God bless you and your gardening efforts this fall.

Thank you for making Florida Survival Gardening a success.


Friday, August 29, 2014

Chalcophora virginiensis

I spotted this guy in a prairie while foraging:


I've always liked beetles, though this one is apparently a big of a pest, since its larvae bore into pine trees.

One of these days I'm going to start an insect collection, 'cause I'm nerdy like that. 

For now I'll let my finds live, uncaptured by anything but my trusty Nikon.

More about this beetle can be found here.

Thursday, August 28, 2014

Today at the 326 Community Market!

It's time to plant your fall gardens! Come on down and see what I have!

If you haven't stopped by the 326 Community Market yet... what are you waiting for?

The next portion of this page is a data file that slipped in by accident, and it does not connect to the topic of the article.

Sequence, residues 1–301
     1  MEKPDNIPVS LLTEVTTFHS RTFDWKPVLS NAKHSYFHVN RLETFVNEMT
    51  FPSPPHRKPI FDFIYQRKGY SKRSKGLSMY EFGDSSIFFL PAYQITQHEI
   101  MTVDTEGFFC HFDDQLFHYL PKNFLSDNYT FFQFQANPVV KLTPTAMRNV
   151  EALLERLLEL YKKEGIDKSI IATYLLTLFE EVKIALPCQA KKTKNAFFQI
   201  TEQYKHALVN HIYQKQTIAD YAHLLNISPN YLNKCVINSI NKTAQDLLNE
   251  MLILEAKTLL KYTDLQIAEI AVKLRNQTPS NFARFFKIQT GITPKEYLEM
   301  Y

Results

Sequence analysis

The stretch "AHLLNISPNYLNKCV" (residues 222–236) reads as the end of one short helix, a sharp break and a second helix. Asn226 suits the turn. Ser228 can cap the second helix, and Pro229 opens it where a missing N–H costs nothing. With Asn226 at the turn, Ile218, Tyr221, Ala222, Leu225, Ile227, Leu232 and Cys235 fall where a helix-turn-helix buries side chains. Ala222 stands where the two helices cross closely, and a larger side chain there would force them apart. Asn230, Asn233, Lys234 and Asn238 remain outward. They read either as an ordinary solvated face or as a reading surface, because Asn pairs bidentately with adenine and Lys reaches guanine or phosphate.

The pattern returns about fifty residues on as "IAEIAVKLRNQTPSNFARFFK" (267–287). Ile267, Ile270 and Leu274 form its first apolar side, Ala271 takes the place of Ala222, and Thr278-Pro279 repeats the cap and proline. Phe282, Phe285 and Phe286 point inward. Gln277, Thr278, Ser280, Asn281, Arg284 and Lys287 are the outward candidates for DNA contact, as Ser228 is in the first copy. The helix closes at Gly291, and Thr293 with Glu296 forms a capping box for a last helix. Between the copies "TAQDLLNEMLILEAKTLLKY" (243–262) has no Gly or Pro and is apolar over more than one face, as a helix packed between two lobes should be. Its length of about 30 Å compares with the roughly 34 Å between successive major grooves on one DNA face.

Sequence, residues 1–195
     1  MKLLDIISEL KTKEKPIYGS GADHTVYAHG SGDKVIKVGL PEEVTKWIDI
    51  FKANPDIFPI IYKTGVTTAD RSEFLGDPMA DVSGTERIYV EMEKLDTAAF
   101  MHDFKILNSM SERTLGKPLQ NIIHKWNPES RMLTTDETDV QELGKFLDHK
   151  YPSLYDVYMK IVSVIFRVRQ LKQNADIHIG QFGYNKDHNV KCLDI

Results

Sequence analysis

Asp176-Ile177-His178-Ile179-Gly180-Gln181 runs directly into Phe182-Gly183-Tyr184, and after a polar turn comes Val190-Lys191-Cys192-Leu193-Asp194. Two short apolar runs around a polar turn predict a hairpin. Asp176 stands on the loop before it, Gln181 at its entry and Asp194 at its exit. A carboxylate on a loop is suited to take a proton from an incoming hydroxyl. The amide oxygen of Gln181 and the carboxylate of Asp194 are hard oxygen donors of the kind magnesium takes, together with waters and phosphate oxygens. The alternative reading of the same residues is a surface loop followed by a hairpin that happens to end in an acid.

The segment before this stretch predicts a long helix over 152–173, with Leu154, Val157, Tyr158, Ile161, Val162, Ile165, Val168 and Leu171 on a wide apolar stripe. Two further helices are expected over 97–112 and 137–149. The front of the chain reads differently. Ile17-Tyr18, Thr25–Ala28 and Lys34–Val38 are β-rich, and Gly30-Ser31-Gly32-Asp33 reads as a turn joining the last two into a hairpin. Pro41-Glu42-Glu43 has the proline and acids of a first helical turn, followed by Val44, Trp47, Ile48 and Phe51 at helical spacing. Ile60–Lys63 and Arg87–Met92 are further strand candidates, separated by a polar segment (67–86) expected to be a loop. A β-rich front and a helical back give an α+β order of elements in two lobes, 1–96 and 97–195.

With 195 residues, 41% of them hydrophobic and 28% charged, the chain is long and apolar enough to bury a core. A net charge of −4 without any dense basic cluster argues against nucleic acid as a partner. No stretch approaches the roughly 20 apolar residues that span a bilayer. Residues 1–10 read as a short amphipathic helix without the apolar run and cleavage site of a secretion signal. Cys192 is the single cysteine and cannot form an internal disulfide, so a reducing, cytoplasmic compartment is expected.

I still have hot peppers at $2.00 a pot - come and pick some up for your fall garden and learn to grind your own red pepper. The taste of homegrown peppers is unbelievable!

I also have small Illinois Everbearing trees for $12.00 each. Don't worry about the size... mulberries grow FAST! I also have some dwarf ones back in stock for $8.00 a pot. Plant a mulberry hedge!

Chinese Water Chestnuts

Do you have a pond? A swampy spot? A kiddie pool? Chinese water chestnuts are a delicious root crop that loves the heat and will produce abundantly. It's also perennial! Give 'em a try!

Japanese Persimmons

Simply one of the best fruit trees for this area. Sweet, luscious, non-astringent fruit... and my price of $29 per tree is really hard to beat.

Cassava